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Musk Links Deal Progress To Proving Annoying Bots Sharing On Twitter

  • It seeks to prove that spam bots account for less than 5% of users
  • Twitter says it’s sticking to the deal at the agreed-upon price
  • Twitter stock traded at $36.31 compared to a bid of $54.20

(Reuters) – Elon Musk said on Tuesday that his $44 billion offer wouldn’t go ahead until Twitter (TWTR.N) It shows evidence that spam bots account for less than 5% of its total users, hours after it suggested a lower price for the company.

“Based my offer on the accuracy of Twitter’s SEC filings. Yesterday, the CEO of Twitter publicly refused to provide evidence of <5% (spam accounts). Can't move forward with this deal until he does," Musk said in a tweet.

Hours later, Twitter said it was committed to completing the deal at the agreed price and terms “as soon as practicable.”

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Its stock pared its losses in pre-market trading, but fell about 3% to $36.31, lower than its price the day before Musk disclosed his stake to Twitter, raising doubts whether the billionaire businessman will continue his $54.20 share offer.

Twitter closes lower on May 16

After suspending his presentation last week about suspended information about spam accounts, Musk said he suspected they account for at least 20% of users compared to Twitter’s official estimate of 5%.

“You can’t pay the same price for something much worse than what they claimed,” he said Monday at the All-In Summit 2022 in Miami.

Asked if the deal would be viable at a different rate, Musk said, “I mean, that’s absolutely out of the question. The more questions I ask, the more I fear.”

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“They claim they’ve got this complex methodology that no one can understand… It can’t be a deep mystery more complex than the human soul or something like that.”

Twitter CEO Parag Agrawal tweeted Monday that internal estimates of the social media platform’s spam accounts for the past four quarters were “well below 5%,” responding to Musk’s criticism of the company’s handling of fake accounts.

Agrawal said Twitter’s estimate, which has remained the same since 2013, cannot be reproduced externally due to the need to use public and private information to determine if an account is spam.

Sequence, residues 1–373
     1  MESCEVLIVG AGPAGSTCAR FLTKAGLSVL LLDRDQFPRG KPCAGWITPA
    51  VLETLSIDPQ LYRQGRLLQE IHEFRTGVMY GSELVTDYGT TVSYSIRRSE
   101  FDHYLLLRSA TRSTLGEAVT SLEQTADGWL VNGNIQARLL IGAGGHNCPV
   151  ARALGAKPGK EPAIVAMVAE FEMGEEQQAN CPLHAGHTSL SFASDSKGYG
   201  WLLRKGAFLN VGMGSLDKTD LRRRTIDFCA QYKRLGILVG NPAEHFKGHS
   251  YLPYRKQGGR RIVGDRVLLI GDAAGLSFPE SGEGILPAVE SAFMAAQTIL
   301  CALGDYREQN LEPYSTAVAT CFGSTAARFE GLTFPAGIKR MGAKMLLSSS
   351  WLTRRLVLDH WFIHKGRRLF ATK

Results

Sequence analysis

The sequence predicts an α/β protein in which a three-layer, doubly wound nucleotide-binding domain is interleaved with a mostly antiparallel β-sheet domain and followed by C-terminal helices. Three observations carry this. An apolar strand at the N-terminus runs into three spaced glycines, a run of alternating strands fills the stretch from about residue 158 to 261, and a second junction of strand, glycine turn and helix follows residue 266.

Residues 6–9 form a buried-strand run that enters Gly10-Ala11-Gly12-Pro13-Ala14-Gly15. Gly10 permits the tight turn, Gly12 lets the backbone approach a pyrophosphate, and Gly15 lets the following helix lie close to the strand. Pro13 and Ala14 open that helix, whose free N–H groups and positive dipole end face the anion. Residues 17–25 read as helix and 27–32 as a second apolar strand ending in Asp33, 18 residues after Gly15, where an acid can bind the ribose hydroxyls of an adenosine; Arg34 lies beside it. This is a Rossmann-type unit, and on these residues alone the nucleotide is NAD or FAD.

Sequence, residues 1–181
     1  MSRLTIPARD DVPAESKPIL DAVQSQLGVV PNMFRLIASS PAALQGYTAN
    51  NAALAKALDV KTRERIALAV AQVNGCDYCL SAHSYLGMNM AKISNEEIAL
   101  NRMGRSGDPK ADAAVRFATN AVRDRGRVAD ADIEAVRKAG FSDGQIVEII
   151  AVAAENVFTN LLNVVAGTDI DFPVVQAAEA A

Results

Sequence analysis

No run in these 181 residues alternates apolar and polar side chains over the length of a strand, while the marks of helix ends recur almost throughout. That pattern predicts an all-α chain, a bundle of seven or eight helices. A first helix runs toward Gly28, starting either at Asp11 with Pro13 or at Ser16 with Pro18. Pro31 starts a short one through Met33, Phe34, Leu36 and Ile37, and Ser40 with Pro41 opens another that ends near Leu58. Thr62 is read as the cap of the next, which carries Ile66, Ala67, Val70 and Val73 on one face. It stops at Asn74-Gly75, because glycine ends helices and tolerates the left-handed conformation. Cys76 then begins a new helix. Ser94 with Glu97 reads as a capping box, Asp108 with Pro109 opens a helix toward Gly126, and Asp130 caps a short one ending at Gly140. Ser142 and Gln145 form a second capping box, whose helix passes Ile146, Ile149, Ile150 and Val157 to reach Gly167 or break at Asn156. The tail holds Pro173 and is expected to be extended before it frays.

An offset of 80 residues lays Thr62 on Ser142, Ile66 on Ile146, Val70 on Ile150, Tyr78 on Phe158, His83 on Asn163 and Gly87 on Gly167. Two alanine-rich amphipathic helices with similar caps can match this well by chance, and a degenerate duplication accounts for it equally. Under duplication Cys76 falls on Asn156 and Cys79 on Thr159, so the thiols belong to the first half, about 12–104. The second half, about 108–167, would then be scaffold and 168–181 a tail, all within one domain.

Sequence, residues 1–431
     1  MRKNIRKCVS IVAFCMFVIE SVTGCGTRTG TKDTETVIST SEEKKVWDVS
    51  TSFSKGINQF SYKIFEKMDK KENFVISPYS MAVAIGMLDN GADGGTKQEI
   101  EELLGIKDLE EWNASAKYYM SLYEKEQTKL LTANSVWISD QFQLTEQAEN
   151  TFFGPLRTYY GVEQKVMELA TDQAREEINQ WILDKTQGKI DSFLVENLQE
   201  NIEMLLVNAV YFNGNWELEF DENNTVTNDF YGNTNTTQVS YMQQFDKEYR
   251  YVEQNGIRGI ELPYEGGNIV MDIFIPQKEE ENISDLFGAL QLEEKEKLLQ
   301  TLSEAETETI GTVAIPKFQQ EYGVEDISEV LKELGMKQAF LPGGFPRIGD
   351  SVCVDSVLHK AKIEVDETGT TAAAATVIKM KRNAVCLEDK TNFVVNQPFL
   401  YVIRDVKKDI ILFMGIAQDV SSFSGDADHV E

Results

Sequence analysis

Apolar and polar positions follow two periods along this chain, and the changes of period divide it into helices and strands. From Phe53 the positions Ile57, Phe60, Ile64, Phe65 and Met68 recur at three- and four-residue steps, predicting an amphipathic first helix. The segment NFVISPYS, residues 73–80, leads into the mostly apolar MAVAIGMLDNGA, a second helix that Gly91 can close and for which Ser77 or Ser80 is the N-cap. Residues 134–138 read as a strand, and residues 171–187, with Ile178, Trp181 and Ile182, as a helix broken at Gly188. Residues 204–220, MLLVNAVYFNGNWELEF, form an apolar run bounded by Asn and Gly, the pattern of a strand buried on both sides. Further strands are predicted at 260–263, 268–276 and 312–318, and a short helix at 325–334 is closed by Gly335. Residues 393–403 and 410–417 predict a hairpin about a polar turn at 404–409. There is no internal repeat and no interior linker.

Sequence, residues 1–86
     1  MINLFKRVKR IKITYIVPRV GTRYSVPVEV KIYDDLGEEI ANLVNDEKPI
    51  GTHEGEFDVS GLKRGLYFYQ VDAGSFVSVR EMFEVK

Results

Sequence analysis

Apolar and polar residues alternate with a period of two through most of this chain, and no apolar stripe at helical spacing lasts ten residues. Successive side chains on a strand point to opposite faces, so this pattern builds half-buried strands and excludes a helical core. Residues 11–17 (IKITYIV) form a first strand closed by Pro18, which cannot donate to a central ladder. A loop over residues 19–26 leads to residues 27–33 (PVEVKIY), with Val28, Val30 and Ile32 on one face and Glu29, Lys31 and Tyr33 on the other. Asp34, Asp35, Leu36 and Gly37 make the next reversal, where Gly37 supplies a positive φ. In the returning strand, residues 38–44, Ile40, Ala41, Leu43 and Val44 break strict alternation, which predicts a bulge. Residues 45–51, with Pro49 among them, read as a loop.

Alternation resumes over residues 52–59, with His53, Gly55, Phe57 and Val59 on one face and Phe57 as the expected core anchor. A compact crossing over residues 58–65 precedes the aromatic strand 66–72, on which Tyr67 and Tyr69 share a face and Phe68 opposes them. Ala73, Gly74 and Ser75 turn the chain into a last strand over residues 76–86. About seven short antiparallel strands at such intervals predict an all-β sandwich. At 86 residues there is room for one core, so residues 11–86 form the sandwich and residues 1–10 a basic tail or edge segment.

Musk responded to Agrawal’s defense of methodology with a stool emoji. “How do advertisers know what they’re getting for their money? This is fundamental to Twitter’s financial health,” he wrote.

Musk has vowed to make changes to Twitter’s content editing practices, dismissing decisions such as banning former President Donald Trump as overly aggressive while vowing to combat “spam software.” Read more

Musk called for tests on random samples of Twitter users to identify bots. He said, “There is a possibility that more than 90% of daily active users are.”

He expects the total number of Twitter users to grow to nearly 600 million in 2025 and to 931 million within six years from now.

“Given Musk believes that 80% of Twitter’s current 229 million users are human, it’s hard to believe the company can achieve its long-term goals,” Jefferies analyst Brent Thiel said.

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Additional reporting by Katie Paul and Hyunjoo Jin in San Francisco, Crystal Ho in New York, Nivedita Palu and Chobham Kalia in Bengaluru Editing by Kenneth Lee, Matthew Lewis, Bernard Orr, Aditya Soni and Aaron Koyor

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Our criteria: Thomson Reuters Trust Principles.

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